Not Having a Return to Work Program
Both the company and the wounded employee benefit from a return to work (RTW) program. These programs allow injured workers to return to work gradually. This is even if they are unable to complete their pre-injury tasks.
It also gives them financial stability, keeps them socially engaged, and allows them to keep their talents sharp. Employers benefit from an RTW program because it lowers workers’ compensation expenses, reduces turnover, and maintains workplace productivity.
Employee Fails to See the Designated Doctor
Injured employees need to see the designated doctor for their claim to be able to go through. Either you or the workers’ compensation insurer should select this doctor.
For an evaluation and treatment, the relevant employee must see this doctor. Their reports will be crucial in dealing with the case. Neglect to do this will result in the claim becoming dismissed.
Of course, an injured worker can also see their doctor, but this is not a substitute for seeing their primary care physician. If the employee is dissatisfied with the doctor you assigned, they can request authorization to visit another doctor from their workers’ compensation insurance carrier.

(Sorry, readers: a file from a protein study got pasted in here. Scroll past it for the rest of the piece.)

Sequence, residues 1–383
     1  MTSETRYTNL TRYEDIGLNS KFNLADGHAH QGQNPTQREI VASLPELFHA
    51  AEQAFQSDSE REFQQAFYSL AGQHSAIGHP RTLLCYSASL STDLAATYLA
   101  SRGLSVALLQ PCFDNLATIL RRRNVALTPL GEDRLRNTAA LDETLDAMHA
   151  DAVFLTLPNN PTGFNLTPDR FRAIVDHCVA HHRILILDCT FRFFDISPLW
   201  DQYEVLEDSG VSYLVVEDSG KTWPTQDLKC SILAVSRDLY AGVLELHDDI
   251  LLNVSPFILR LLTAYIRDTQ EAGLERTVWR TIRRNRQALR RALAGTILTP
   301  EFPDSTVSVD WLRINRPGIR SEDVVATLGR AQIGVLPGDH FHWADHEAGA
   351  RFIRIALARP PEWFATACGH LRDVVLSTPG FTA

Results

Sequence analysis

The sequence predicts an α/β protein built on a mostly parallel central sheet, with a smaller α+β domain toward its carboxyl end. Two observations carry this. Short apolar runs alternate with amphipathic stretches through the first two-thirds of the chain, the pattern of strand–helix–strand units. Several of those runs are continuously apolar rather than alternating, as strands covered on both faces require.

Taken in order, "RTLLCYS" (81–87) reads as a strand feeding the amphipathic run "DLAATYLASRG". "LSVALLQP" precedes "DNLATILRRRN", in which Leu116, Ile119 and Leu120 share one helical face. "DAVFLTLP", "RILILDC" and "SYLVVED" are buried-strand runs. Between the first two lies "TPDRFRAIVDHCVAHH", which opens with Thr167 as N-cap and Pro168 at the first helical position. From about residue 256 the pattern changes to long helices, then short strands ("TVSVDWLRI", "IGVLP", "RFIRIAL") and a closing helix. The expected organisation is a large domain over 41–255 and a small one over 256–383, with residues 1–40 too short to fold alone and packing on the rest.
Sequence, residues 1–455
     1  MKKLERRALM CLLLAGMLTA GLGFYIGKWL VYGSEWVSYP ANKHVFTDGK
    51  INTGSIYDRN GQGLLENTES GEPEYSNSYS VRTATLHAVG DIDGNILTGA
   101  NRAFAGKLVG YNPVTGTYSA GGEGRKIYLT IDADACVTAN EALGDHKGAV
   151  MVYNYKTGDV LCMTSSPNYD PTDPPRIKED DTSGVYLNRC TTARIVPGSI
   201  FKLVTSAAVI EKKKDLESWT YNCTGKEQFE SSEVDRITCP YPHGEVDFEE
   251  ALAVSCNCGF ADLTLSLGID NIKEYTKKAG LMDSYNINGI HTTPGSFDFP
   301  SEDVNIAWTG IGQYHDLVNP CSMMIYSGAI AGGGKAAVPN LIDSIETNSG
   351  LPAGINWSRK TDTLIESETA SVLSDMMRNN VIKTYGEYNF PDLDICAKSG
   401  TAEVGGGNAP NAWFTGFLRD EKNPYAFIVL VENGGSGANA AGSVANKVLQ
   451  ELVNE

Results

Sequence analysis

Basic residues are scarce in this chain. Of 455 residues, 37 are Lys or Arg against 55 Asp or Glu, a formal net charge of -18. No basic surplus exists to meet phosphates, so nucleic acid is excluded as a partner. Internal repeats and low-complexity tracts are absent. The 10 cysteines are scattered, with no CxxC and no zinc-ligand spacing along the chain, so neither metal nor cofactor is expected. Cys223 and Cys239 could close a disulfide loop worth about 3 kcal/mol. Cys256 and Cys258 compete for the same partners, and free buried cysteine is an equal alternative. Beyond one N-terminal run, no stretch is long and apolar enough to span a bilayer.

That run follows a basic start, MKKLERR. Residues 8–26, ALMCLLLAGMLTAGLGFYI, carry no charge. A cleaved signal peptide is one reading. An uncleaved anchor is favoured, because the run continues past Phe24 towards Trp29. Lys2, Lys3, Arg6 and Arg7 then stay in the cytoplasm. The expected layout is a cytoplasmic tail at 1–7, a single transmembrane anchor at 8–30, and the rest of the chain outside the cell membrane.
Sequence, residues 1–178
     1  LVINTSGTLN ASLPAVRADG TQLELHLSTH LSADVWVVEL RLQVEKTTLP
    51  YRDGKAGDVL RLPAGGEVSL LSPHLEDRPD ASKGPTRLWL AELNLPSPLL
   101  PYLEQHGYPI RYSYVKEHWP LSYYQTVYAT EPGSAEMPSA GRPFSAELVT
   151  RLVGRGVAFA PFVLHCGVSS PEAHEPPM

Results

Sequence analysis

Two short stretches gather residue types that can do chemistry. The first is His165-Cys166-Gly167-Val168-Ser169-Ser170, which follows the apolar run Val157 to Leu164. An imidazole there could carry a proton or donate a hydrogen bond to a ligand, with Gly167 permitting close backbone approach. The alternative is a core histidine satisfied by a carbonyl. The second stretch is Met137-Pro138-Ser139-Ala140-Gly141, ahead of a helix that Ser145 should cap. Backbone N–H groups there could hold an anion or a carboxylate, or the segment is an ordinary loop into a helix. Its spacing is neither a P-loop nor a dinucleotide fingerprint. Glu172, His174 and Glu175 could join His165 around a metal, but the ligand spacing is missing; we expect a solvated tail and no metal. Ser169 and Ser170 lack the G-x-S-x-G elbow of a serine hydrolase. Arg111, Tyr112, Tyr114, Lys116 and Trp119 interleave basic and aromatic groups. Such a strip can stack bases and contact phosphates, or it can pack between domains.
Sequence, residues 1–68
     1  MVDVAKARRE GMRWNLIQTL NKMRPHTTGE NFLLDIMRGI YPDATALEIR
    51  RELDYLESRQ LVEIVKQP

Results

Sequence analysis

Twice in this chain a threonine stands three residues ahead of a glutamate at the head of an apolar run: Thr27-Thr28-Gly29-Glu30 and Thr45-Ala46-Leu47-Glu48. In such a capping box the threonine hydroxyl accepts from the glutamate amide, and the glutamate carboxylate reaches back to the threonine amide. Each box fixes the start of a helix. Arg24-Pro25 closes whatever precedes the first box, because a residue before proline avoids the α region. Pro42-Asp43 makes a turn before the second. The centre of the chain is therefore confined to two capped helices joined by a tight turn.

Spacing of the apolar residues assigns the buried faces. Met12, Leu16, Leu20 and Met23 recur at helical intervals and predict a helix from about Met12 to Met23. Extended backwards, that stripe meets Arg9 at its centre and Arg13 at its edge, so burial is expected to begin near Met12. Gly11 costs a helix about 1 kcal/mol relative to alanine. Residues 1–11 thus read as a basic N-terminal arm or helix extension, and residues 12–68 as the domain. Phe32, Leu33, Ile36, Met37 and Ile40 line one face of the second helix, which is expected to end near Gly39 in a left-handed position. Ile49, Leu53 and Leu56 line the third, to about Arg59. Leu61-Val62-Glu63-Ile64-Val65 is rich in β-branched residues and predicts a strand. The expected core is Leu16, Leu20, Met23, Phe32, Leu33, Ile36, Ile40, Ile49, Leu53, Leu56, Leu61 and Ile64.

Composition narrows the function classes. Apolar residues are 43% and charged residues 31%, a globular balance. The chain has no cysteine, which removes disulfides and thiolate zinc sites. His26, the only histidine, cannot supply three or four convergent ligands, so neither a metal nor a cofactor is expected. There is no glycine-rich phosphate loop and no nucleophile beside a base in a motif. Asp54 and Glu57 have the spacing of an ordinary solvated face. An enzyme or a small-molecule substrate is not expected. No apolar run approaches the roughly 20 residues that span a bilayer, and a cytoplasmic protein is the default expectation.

Injured Workers Not Disclosing Full Info
You may well follow all the claim submission requirements, along with your injured worker. However, if the employee withholds some crucial information, they might not get the claim they deserve.
There are many reasons why an employee might do this. They could be too proud or maybe embarrassed about something. Either, the more supportive you are as a boss, the better chances they’ll have of filling out their claim with all the info.
Not Following Doctor’s Instructions
Your employee’s claim’s treating doctor will submit papers to the Workers’ Compensation Commission. They will detail their treatment and recovery. The Commission may reject your employee’s claim or cancel it if they discover that they are not following the doctor’s instructions.
Injured workers should Attend all of their doctor’s visits, including physical therapy treatments. Missing appointments is a typical blunder that leads to claim issues.
Your worker’s personal doctor may disagree with the doctor of record’s treatment plan. If so, the worker must request a hearing with the Workers’ Compensation Commission for a decision. It might also be in their interest to hire a workers’ comp lawyer to help them with their task.
Typical Workers’ Comp Claim Mistakes
In this post, we took the perspective of what an employer should look out for with workers’ comp claim mistakes. However, the advice in this post is relevant for employees to consider as well.
The best course of action with workers’ comp claim mistakes has to be solid preparation. Also, if an accident or injury occurs, excellent communication between boss and worker is a must.